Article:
Amazon will not be eschewing bricks-and-mortar entirely, however. Instead, Amazon will focus on expanding its bookshops and 4-star stores, both of which have a larger product offering than the pop-ups. The company, which acquired Whole Foods in 2017, also plans on opening grocery stores across the U.S.
Sephora is expanding its bricks-and-mortar portfolio.
As other retailers shrink their physical footprints, LVMH’s Sephora is also leaning into a heavier bricks-and-mortar presence with the addition of 35 new stores.
Showcasing the growth of the beauty sector and Sephora’s prowess at experiential retail in physical spaces, the cosmetic retailer is rolling out the new stores this year. The year of store openings will begin with its new Hudson Yards store in New York on March 1. “Each retailer is at a different decision point,” Ms. Rosenblum said.
“Some retailers do want and need to expand their store footprints,” she said. “Others already have too many doors, so there really isn’t a one size fits all answer.”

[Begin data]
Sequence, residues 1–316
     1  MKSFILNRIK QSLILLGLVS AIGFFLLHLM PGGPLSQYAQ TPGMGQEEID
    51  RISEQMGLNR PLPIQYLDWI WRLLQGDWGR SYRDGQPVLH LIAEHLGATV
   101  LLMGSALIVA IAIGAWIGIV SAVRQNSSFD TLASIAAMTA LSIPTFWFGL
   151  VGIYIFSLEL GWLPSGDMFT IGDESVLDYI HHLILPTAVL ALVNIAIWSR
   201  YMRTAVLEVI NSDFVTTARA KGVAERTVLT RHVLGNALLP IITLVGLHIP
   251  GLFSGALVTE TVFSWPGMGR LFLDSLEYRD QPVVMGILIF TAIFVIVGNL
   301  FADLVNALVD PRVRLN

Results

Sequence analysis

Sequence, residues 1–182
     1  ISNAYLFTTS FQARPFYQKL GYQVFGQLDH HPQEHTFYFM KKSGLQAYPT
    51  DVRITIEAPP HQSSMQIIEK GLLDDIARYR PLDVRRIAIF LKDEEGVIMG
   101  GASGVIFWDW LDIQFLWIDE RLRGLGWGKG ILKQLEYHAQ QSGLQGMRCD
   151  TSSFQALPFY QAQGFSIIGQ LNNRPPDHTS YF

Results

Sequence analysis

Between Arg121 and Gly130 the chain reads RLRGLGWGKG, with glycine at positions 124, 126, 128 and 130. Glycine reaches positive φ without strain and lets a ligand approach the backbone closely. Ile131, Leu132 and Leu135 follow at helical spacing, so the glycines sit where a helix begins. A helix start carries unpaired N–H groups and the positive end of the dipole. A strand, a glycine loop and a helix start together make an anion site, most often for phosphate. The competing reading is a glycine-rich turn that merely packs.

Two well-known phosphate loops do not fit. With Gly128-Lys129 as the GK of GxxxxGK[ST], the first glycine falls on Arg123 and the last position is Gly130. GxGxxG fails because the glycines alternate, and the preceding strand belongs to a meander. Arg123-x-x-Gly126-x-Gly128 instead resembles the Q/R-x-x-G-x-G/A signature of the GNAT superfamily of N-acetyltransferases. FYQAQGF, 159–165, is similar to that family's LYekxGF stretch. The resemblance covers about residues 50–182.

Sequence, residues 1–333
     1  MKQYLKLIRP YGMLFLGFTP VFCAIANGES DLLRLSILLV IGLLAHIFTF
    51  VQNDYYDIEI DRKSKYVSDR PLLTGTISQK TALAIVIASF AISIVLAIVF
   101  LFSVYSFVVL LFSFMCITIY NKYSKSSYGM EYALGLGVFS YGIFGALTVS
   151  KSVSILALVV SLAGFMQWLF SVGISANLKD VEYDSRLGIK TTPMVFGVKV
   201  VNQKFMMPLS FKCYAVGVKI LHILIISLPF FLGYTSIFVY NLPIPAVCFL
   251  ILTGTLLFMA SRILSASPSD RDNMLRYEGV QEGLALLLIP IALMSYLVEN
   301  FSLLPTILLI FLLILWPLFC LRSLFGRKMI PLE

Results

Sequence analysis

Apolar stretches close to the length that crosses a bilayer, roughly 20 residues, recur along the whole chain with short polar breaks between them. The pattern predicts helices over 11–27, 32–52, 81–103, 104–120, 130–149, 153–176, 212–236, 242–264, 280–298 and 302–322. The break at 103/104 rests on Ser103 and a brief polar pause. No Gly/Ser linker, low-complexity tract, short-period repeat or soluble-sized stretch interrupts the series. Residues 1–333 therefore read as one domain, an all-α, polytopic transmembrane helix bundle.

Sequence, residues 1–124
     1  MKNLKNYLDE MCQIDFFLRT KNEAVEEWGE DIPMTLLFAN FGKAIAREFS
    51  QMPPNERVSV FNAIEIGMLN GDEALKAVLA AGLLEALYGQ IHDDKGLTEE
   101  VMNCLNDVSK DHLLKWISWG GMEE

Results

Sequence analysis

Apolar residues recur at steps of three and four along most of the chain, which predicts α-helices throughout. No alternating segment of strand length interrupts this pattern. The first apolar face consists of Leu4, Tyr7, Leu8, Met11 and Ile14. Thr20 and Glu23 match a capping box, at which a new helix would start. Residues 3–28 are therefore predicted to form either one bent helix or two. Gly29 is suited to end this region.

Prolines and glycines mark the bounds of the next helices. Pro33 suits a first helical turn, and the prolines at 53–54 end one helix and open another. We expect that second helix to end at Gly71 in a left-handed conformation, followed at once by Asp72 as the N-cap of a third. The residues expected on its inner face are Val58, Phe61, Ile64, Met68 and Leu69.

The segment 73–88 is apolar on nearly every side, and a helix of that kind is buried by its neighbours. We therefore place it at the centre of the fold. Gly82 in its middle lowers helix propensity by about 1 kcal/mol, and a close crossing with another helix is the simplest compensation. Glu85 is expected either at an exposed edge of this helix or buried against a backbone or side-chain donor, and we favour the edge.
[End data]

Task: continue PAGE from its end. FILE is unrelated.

Balancing retail locations with engaging ecommerce experiences is vital for luxury brands. “It’s important for all retailers to focus on omnichannel strategies,” RSR Research’s Ms. Rosenblum said. “Consumers’ path to purchase is somewhat chaotic, and there is a distinct expectation that they can have what they want, in the manner that they want it. “It turns out that luxury shoppers are more time starved, so once they know the styling and sizing of merchandise, it’s easier for them to buy online,” she said.
Affluents are increasingly drawn to online shopping because of convenience, but omni-channel shoppers spend more on luxury items than the average on- or offline consumer.
According to Forrester Analytics’ Luxury Retail Forecast, nearly 60 percent of luxury sales growth will originate from e-commerce by 2023. U.S. and European consumers who buy luxury goods in both physical and digital stores spend up to four times more than consumers who shop exclusively on or offline. Retail group Nordstrom has been successful as it focuses on creating differentiated digital and physical experiences for customers, such as its Local concept and click-and-collect services. One-third of Nordstrom’s total customer base in 2018, or 10 million customers, came to the retailer through multiple channels, a 6 percent growth from 2017.
“For brands to succeed they must give their customer choices as to how they want to manage the transaction,” Brandgrowth’s Mr. Reffsin said. “It’s not an either/or decision. “Brands may choose to only sell at retail and see the Web as a source of information. Customers may accept this,” he said. “Others may prefer the convenience of buying online and may never set foot in a store. “Most luxury brands have realized that success comes from all channels working together. The omni-channel debate has been settled.”